Imagine two people are in a relationship and they live by the rule “giving good when you receive bad.” Another way to think about this: when two people fall in love and get married, or when two people become friends, they do it for good reasons. No one ever said, “I love you because you’re so mean. Marry me!” Most relationships form because people are good to each other and deeply care.
When someone has a bad day and says something sarcastic, the other one gets hurt and says something less than loving. Then the first one withdraws, etc. In other words, the relationship is good until one of them gives something that is less than good. Then the other one returns less than good, and they are on a downward slide.
That’s our natural bent because that’s human nature. But the person who knows how to give better than they receive will quickly turn the situation around by swallowing their pride or seeing what a brat they are being. They go to the other and say, “I’m sorry. Please forgive me.” Then the relationship turns around and moves upward, instead of downward.
Many in our society want to pull others down into their own dysfunction. They prefer to be prideful and not do the work of swallowing their pride and humbling themselves, than preserve the relationship and get on the pathway of growth. This is evident in the fatherless homes, broken marriages and plethora of pain today.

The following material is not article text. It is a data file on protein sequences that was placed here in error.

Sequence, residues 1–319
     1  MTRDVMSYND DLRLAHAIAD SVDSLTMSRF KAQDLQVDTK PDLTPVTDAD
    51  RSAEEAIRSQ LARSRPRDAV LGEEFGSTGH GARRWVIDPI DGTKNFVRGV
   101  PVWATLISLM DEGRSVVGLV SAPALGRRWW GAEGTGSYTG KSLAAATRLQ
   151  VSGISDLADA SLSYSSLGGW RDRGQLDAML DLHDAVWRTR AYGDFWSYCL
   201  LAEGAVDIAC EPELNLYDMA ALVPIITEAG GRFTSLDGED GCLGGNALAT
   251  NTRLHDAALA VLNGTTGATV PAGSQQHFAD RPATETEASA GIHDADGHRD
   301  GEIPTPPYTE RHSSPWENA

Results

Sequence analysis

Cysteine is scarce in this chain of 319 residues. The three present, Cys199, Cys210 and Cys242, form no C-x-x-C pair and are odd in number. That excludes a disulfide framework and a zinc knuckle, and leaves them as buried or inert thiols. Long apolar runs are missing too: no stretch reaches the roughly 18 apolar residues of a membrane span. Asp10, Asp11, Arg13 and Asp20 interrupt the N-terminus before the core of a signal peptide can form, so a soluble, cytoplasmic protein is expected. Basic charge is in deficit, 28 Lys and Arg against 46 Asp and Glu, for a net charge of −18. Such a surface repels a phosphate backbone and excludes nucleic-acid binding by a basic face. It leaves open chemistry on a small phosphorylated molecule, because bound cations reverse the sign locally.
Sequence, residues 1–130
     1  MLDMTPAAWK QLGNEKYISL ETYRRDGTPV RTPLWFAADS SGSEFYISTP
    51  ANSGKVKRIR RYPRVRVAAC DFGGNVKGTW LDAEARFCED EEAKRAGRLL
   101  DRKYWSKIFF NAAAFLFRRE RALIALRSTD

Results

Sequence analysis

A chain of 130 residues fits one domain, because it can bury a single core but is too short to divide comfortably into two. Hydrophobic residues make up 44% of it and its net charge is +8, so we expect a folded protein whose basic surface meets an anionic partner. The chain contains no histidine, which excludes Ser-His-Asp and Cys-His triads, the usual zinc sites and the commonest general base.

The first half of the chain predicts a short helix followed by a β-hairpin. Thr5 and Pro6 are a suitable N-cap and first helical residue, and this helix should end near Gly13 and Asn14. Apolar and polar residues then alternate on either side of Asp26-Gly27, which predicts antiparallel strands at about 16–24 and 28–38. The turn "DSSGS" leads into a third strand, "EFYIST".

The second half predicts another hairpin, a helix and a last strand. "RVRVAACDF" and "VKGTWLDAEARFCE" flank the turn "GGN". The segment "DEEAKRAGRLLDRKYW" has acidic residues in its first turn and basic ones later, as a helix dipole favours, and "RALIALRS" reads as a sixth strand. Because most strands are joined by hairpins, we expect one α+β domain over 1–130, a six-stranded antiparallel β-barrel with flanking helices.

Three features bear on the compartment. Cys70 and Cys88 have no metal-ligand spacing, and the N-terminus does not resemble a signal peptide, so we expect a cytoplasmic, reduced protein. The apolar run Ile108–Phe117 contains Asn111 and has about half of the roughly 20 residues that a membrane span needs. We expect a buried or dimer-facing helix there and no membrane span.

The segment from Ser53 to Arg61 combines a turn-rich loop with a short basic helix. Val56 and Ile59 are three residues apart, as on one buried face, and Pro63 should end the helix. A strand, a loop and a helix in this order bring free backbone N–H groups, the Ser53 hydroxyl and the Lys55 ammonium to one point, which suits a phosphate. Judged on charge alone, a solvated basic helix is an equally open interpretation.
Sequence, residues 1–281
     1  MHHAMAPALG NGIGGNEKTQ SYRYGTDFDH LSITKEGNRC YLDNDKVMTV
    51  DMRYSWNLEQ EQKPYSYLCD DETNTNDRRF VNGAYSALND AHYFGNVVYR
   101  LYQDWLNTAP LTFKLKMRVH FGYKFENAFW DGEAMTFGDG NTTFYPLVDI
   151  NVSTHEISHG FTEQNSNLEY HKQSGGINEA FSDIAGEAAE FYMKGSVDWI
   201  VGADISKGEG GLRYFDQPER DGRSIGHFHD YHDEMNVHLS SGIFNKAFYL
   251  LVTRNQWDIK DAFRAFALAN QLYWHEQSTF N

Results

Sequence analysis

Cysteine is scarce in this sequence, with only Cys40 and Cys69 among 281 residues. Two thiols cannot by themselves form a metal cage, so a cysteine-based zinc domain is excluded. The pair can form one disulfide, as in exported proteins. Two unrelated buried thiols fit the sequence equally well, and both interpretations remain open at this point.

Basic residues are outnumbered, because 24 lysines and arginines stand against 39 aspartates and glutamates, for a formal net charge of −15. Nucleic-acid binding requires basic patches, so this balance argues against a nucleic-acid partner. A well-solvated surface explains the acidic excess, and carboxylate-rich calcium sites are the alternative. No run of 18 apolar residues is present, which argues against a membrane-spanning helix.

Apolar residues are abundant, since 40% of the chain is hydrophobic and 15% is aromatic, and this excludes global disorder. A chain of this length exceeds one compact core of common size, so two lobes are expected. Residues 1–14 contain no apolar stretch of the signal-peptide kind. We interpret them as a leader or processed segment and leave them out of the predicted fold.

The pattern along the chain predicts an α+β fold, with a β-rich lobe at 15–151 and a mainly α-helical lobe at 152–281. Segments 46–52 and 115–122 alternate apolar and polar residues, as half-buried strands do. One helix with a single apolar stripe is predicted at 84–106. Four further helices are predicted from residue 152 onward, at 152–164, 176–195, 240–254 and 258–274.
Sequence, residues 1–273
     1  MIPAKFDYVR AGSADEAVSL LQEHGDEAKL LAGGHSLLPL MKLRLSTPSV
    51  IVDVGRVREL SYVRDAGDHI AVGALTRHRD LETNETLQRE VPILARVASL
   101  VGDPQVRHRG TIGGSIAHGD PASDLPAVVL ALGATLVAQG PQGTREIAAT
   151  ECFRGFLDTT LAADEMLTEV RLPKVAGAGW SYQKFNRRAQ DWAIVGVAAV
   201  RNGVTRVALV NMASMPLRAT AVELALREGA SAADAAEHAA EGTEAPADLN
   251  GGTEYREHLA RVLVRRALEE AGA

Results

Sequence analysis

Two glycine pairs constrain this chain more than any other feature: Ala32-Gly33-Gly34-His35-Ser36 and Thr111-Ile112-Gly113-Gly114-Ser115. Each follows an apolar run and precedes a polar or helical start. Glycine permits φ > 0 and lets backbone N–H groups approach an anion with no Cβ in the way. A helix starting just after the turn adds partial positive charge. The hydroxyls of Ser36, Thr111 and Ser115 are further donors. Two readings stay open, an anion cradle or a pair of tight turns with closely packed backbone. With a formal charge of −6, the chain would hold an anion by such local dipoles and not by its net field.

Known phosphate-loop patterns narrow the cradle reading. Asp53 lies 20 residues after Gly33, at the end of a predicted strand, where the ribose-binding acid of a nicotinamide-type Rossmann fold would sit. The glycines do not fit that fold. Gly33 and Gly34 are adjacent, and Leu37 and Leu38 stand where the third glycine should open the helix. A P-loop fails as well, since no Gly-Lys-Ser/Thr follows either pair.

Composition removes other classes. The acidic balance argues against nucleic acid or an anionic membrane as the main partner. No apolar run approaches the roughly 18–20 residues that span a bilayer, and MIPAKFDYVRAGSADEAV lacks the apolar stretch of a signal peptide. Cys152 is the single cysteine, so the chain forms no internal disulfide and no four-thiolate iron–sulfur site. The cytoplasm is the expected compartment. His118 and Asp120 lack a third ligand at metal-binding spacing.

Yet when you choose to obey God’s word and overcome bad with good, then when someone fails you, you give him or her what you need when you are not giving your best. Sometimes you need understanding and kindness; sometimes you need acceptance; sometimes you need information; sometimes you need a kind piece of honesty, a caring confrontation, or just to know that someone is by your side.
But whatever it is you need, you need something that is good, not bad. You need something that is redemptive when you are at your worst, not something hurtful.
When you choose to give good when you’ve received bad, you are fulfilling the law of “turning the other cheek.” You’ll also find that the fights you have are harder to have – or at least, to last. Choose to be a source of redemptive love, and show others Christ.
Extend yourself like God did for us when He came to our level and suffered innocently for us, trying to bring us up to His level. Your spouse needs that from you, and you need that in order to have your relationships get better.
When you give better than you have received, you are sowing seeds of love, kindness, mercy and peace – and you are showing the world the heart of Jesus.
Christy Demetriades, Ph.D.